Whether someone is positioned on the left or the right, when questioning the status quo or wanting to make change, there is a propensity to lose sight of the initial quest. It can become more about the ideology rather than the experience. In order to think more creatively and radically, we need to look beyond the superficial topics to the deeper issues and questions involved. There are more fundamental issues to explore if we want to discover radical new ideas.

“I’m more interested in seeing what happens during the experiment, the changes and iteration that happens when taking risks, and the experiment itself,” Sanchez says. “I’m willing to let go of my ideas and move with the flow of what’s being questioned, rather than be rigid to a specific outcome. The change is important, but the experiment itself is what I’m most interested in.”

Thinking in radical terms can be a form of critical thinking: to examine the issue in its entirety, even holistically, to ensure a lasting and sustainable outcome. Radical thinking involves thinking outside the lines, collaborating, and cultivating partnerships that would otherwise not be viewed as possibilities for libraries and their communities.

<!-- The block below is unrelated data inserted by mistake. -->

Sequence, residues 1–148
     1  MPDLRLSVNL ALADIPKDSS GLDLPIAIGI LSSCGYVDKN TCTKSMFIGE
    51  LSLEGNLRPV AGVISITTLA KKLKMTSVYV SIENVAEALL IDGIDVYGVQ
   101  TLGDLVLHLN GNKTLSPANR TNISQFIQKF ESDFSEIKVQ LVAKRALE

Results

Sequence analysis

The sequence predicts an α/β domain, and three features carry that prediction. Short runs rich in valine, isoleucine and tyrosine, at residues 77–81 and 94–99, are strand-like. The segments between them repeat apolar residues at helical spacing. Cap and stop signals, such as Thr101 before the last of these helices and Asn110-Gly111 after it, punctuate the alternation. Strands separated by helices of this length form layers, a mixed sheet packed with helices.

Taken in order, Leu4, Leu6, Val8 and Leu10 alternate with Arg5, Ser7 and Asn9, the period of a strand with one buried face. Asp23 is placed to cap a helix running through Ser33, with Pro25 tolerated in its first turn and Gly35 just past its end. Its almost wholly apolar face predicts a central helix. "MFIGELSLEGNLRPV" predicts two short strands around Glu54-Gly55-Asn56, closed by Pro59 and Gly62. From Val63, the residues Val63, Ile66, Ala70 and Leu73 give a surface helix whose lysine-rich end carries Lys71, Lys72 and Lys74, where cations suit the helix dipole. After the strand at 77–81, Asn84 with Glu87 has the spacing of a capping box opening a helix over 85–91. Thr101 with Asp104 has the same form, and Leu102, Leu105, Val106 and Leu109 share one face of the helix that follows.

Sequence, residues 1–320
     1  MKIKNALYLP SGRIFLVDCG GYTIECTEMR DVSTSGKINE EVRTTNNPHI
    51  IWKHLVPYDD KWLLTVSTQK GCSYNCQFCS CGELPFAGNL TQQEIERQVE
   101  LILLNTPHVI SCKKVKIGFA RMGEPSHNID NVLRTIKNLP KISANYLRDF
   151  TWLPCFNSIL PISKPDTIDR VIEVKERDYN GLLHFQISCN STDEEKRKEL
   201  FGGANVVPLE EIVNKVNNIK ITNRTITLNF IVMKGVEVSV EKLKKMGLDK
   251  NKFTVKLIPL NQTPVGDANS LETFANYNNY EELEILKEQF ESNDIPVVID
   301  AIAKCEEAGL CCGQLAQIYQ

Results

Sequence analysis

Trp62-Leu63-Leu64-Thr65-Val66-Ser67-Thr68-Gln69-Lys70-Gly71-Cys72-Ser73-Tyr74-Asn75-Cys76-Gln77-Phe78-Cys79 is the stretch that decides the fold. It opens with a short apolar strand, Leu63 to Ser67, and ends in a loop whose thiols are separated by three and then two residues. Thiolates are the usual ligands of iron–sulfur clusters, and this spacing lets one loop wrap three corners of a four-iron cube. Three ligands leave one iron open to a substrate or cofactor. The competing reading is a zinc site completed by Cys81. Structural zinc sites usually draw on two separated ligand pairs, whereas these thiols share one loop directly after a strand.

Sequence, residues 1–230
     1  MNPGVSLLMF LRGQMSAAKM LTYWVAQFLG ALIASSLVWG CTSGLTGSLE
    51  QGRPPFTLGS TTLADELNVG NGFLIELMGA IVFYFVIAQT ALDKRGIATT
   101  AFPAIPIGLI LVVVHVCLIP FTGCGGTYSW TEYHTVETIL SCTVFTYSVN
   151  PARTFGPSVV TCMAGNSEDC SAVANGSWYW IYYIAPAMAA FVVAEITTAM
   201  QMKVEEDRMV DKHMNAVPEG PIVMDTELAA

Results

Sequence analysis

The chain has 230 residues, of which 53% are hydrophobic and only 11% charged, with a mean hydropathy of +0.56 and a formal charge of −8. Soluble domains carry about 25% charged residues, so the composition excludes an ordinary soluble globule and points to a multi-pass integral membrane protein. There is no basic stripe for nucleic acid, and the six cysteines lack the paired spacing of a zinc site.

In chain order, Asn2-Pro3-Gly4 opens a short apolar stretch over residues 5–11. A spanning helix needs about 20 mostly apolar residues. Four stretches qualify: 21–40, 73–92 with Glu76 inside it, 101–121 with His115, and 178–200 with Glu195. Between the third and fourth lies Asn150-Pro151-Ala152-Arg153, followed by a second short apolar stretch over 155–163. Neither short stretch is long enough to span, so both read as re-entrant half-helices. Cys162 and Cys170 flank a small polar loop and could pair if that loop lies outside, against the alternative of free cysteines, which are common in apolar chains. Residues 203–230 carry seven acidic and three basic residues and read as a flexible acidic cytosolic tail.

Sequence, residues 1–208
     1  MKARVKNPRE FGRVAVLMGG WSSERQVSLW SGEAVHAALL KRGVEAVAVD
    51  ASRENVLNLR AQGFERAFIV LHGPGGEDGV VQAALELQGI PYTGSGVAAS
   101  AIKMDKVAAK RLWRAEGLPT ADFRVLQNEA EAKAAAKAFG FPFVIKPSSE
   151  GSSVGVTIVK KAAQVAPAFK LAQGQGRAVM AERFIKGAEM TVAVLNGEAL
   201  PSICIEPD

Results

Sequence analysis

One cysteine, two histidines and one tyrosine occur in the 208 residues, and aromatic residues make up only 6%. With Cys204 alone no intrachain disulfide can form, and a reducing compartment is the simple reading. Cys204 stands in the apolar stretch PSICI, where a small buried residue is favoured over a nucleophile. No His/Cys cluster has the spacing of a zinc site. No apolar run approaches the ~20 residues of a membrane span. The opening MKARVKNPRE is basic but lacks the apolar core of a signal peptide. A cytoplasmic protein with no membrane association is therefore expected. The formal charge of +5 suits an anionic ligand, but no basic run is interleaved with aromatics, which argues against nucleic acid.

Radical Thinking

When asked about the government’s proposed budget cuts that will affect libraries, Sanchez says, “I don’t want to worry about circumstances that I can’t control. The gravy train doesn’t last forever.” This mindset is refreshing and inspiring, especially when one discovers that Mesa County Libraries are located in one of Colorado’s most impoverished counties. “We’ve got that reputation within the community of the library that does cool stuff,” he says. “If the IMLS goes away I can still do what I need to do.”

Sanchez makes a concerted effort to reach out to his constituencies. The face-to-face interactions with various local organizations and businesses are invaluable. The result is raising awareness about the programs and projects the library is offering by communicating and encouraging discourse with those who have never set foot in the library.